The best time to visit Phelps Lake is the late Spring or Fall. During these shoulder seasons the park sees fewer crowds while still experiencing pleasant weather.
Spring offers chances to see some spectacular wildflower blooms if you don’t mind the unpredictable weather while Fall brings beautiful fall color, cooler temperatures, and smaller crowds.
Best Time of Day
Sunrise and sunset are excellent times for photo opportunities along the shores of Phelps Lake. If the conditions are right you just might be treated to a beautiful mirror reflection of the colorful sky and the Teton Mountains towering over the lake.
About Grand Teton National Park
Located in the spectacular Jackson Hole Valley and encompassing nearly 500 square miles, Grand Teton National Park boasts an awe-inspiring array of pristine wilderness, glacial lakes, winding rivers, diverse wildlife, and the magnificent Teton Range.
The park derives it’s name from the mighty Teton Range popularly known as simply the Tetons, or the Grand Tetons. The park’s creation and eventual scale (in terms of acreage) was largely made possible by the wealthy philanthropist John D. Rockefeller Jr.
Watch Our Award-Winning Grand Teton Video
Things to Know Before Visiting Grand Teton National Park
$30 per vehicle OR if you plan to visit more National Parks within the next 12 months we suggest you go ahead and purchase the America the Beautiful Pass (which can be purchased at any national park) and gets you into all National Parks, Forests, Monuments, and more including 2,000 sites for free after a one time $79 fee.
Grand Teton Map
The best map for the park: We like this map the best.
Best Guide Book
The best guide book for Grand Teton: This is our favorite guide for Grand Teton.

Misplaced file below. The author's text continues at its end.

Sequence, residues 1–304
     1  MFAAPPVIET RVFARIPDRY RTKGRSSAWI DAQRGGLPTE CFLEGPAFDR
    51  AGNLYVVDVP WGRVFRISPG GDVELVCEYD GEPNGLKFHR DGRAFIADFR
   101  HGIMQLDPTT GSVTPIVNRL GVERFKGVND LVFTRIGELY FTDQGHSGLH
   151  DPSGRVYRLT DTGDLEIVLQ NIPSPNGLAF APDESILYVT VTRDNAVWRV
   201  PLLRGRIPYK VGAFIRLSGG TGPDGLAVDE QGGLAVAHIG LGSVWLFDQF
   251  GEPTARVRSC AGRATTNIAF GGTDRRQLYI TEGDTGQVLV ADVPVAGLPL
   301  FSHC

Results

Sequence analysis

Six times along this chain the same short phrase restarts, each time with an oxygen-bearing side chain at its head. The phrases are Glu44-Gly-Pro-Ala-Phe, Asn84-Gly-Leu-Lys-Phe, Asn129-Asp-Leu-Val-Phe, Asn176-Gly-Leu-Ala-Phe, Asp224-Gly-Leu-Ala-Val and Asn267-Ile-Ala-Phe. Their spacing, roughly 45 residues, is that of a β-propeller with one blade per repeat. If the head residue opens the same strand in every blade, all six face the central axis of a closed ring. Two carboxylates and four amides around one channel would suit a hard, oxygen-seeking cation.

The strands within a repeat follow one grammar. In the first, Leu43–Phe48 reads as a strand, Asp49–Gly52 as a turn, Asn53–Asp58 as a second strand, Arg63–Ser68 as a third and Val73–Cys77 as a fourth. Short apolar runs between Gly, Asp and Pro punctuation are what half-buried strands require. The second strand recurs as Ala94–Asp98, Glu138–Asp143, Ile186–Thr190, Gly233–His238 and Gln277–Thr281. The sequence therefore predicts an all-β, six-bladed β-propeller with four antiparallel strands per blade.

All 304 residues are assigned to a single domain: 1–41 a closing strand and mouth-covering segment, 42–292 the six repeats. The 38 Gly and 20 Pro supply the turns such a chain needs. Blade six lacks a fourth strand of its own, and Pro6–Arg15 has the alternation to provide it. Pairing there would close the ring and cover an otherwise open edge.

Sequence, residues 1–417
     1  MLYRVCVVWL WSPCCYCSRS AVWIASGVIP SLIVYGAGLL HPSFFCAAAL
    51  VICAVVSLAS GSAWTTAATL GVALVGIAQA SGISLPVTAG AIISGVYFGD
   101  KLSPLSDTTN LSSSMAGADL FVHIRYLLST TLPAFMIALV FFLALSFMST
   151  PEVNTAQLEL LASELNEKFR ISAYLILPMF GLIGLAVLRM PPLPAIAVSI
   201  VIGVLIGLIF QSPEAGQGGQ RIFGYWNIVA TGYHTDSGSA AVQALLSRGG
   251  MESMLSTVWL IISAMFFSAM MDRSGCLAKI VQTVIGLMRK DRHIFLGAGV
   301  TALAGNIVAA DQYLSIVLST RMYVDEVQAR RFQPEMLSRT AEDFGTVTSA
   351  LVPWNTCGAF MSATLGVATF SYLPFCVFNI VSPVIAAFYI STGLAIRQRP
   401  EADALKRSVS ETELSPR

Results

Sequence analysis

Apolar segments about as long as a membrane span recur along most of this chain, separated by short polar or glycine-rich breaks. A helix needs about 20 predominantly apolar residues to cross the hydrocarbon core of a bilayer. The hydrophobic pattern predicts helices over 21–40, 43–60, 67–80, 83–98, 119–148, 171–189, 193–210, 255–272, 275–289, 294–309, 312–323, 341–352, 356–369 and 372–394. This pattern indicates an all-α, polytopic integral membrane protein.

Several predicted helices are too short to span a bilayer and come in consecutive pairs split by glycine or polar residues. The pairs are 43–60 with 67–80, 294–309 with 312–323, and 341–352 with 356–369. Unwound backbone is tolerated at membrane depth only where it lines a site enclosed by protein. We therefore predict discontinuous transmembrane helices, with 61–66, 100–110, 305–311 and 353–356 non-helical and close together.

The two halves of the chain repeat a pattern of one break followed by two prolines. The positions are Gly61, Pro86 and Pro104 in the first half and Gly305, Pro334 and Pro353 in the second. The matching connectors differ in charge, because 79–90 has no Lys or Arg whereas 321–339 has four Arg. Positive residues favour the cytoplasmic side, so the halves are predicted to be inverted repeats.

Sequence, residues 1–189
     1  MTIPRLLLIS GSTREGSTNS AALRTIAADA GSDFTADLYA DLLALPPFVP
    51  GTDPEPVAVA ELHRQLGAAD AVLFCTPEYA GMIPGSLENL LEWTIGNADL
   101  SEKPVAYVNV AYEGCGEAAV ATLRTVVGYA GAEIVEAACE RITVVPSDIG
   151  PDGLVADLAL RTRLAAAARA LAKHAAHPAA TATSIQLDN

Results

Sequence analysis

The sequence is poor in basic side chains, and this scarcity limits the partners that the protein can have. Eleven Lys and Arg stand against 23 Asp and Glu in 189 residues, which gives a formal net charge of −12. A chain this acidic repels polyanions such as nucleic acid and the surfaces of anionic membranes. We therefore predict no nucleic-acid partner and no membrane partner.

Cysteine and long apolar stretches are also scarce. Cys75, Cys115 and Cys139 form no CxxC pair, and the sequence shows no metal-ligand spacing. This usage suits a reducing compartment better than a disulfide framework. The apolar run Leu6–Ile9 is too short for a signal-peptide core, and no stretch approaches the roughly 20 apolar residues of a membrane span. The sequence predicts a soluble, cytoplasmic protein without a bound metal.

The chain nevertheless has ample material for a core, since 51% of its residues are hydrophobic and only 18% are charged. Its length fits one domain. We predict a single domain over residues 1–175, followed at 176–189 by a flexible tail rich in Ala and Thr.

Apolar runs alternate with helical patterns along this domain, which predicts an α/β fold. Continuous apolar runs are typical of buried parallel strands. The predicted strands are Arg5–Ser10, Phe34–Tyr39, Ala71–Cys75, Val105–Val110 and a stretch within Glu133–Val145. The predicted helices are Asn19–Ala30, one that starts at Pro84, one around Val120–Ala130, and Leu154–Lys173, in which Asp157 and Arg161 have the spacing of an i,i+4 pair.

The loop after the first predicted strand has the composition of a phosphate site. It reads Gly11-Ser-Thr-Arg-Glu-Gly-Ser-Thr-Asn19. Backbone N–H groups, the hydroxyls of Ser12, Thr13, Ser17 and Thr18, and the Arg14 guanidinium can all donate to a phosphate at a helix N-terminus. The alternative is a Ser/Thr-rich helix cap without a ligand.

During the months of June and July expect to find mosquitoes at varying levels. I recommend this bug spray which has worked for me in the park and is environmentally friendly.
Best Time to Visit Grand Teton National Park
The Best Time to Visit Grand Teton National Park is in Spring and Fall to take advantage of lesser crowds and beautiful scenery. Summer is a great time to visit as well but it will be crowded.
Leave No Trace
We’re big fans of Leave No Trace, here at MTJP. Want to learn more? Read about the seven principals of Leave No Trace here.
Bear Spray: It’s a good thing to have on lots of the trails here. We like this one.
Dogs are not allowed on trails in most national parks due to their potentially disruptive presence with the natural ecosystem. The basic rule is they are allowed where cars can go so be sure to check the rules before bringing along your furry friend.
Grand Teton National Park Map
RELATED: Best Grand Teton National Park Maps
Where is Grand Teton National Park?
Grand Teton National Park is located on the Western side of Wyoming in Jackson Hole. The park shares a border with the more popular Yellowstone National Park to the north, the less-visited Bridger-Teton National Forest to the east, and the even lesser-visited Caribou-Targhee National Forest to the west.
Phelps Lake Summary
Well that’s a wrap! I hope you’ve enjoyed this article on Grand Teton’s Phelps Lake. Whether you’re looking to swim, boat, fish, or simply enjoy the beauty of the Teton Range, Phelps Lake is really a must-see on your Grand Teton adventure. See you on the trails!